Department of Agriculture officials said Thursday the state will not have rules
in place for a spring planting of an industrial hemp crop.
Cramer, the agency’s director of market access and certification, said the
recent passage of the
federal Farm Bill, which included an industrial hemp provision,
prompted state officials to slow down their rule-making efforts.
this year approved a provision that allows colleges, universities and state
agriculture programs to grow hemp for research and for pilot projects. It does
not protect individual farmers who grow the crop, a non-intoxicating
relative of marijuana grown for its sturdy fiber and seeds.
said his agency, which does not own land and lacks expertise in hemp
production, is not considering such a program. Oregon State University, which under the new provision could produce and research hemp, isn’t planning on one either.
Russ Karow, head of the university’s crop soil science department, said the federal prohibition on marijuana poses too much of a risk for the university. He said lawyers for the school advised against a hemp program out of fear that it could potentially jeopardize the federal funding OSU receives.
pointed to a handful of factors that pose a challenge for industrial hemp
production in the state, including how to legally obtain hemp seeds verified as
low in tetrahydrocannabinol, or THC, marijuana’s psychoactive component.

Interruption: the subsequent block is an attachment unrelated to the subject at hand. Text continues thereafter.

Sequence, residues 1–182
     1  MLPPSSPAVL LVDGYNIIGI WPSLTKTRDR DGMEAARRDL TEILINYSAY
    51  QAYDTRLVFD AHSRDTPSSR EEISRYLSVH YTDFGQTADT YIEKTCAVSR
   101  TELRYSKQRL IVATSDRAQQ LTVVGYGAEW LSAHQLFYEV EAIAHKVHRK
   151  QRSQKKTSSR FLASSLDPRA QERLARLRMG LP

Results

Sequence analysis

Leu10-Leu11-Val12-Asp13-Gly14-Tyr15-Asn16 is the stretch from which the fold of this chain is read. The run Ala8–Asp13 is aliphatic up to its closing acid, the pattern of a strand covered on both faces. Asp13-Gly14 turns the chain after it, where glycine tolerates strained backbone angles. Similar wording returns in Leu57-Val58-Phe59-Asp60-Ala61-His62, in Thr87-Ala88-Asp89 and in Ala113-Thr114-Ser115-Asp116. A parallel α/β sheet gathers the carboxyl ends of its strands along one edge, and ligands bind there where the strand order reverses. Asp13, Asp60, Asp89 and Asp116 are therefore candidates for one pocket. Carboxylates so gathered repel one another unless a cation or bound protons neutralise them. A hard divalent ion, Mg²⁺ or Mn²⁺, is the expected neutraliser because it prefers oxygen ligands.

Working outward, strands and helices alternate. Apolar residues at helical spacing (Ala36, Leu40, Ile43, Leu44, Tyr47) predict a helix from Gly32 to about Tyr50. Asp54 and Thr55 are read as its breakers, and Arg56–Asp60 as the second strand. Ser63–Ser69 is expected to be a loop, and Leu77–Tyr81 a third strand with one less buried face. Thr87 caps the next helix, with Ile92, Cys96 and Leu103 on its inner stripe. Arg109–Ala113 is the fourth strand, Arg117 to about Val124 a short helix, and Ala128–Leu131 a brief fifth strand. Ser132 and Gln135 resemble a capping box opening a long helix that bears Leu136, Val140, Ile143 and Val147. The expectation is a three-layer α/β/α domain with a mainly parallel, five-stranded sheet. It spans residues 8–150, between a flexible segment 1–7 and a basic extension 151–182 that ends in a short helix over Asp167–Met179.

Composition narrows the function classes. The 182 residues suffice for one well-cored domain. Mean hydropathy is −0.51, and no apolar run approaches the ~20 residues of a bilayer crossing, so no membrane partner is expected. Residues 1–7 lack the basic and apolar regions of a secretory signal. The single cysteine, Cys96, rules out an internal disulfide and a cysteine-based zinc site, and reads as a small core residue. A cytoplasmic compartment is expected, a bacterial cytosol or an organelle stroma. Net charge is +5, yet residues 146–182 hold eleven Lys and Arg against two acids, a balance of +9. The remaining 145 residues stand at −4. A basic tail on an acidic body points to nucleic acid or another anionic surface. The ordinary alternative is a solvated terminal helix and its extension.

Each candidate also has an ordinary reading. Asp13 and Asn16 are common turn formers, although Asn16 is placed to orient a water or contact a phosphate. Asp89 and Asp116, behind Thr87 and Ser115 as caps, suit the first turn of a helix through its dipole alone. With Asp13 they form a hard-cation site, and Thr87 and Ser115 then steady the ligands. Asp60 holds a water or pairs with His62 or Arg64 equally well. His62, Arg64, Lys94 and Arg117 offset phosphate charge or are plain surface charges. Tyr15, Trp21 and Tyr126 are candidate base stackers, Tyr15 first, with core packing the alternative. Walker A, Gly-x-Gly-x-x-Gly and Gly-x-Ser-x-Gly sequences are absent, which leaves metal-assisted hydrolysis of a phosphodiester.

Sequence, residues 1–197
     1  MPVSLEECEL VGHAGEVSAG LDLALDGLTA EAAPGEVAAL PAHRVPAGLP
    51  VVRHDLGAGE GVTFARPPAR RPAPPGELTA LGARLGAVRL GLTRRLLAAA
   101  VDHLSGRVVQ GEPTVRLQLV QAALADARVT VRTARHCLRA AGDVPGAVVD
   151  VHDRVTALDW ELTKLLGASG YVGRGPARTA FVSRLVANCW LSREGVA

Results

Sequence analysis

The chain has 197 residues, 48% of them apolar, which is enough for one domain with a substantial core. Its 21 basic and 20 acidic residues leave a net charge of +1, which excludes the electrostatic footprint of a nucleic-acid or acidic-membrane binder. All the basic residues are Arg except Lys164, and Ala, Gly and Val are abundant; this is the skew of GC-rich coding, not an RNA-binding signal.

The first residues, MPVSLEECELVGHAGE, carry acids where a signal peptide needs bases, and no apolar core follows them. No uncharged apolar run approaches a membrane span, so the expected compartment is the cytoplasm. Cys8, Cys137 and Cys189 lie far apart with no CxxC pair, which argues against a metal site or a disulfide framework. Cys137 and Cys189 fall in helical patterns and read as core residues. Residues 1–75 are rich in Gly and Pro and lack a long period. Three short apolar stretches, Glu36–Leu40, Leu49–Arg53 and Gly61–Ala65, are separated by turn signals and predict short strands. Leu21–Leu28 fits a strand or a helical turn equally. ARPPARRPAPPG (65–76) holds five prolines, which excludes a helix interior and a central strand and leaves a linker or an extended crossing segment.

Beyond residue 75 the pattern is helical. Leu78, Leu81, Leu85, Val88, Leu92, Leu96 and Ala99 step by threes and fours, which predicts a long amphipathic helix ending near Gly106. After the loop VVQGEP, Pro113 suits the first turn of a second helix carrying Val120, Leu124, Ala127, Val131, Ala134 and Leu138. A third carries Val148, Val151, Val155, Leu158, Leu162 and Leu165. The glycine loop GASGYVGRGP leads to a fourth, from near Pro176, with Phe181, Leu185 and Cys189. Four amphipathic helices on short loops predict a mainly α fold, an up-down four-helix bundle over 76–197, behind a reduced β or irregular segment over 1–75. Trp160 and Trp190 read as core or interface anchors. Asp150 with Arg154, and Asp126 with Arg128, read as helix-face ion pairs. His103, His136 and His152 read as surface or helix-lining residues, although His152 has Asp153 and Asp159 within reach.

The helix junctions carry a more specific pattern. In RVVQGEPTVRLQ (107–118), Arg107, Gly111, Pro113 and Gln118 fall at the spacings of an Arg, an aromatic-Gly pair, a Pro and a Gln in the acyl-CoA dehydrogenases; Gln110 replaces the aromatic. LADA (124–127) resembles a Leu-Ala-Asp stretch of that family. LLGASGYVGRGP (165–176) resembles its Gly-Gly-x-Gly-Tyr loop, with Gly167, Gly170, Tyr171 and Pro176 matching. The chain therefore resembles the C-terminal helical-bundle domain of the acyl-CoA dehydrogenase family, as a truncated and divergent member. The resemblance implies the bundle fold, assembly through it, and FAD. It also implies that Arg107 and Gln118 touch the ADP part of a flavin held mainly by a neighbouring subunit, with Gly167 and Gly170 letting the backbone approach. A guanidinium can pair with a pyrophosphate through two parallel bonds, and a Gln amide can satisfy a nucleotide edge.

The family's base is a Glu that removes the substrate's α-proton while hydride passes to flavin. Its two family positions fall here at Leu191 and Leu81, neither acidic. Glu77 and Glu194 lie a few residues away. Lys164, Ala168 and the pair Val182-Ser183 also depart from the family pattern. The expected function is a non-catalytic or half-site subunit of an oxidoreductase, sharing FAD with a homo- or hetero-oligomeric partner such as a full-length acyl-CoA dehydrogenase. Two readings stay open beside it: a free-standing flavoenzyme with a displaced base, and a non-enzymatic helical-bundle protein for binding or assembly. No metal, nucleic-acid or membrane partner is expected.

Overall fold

a hemp program, under state law, also requires handlers who are licensed to
process the plant from its raw state into usable products.
are no current handlers” in Oregon, he said. “There are no people who are
handling fiber or seed.”
issue: determining the level of interest among Oregonians in growing the crop.
Cramer said that HAS made it tough to calculate licensing fees, which would
support the program. Officials estimate licensing fees would range from $5,000
to $7,000 – an expense Cramer worries would impact participation.
don’t want a program to be cost prohibitive to the point where growers can’t do
it,” he said.
agency has asked legislature for money – about $76,000 — to help get the
state’s industrial hemp program off the ground.
is one of a handful of states with laws that permit the production of
industrial hemp. Agriculture officials have held off implementing the state’s
2009 law, saying they would wait until the federal government reclassified
marijuana from a substance prone to abuse and lacking medicinal value.
federal government last year said it would not challenge marijuana legalization
laws in Colorado and Washington, a decision that invigorated the hemp movement.
Federal law makes no distinction between marijuana and hemp.
that allow hemp production today sanction a select list of well-established
strains that have been bred to have exceptionally low THC levels. Canada and
European countries cap hemp’s THC level at less than .3 percent.
retail value of hemp food- and body-care products sold in the United States in
2010 was estimated to be worth about $40 million, according to one market
said the implementation of an industrial hemp program in Oregon is complicated
but not impossible.
agricultural industry is very good at growing and producing crops, but when you
add a federal element in and it’s as emotionally complicated as this, it’s
provided some obstacles to get there,” said Cramer. “But it’s not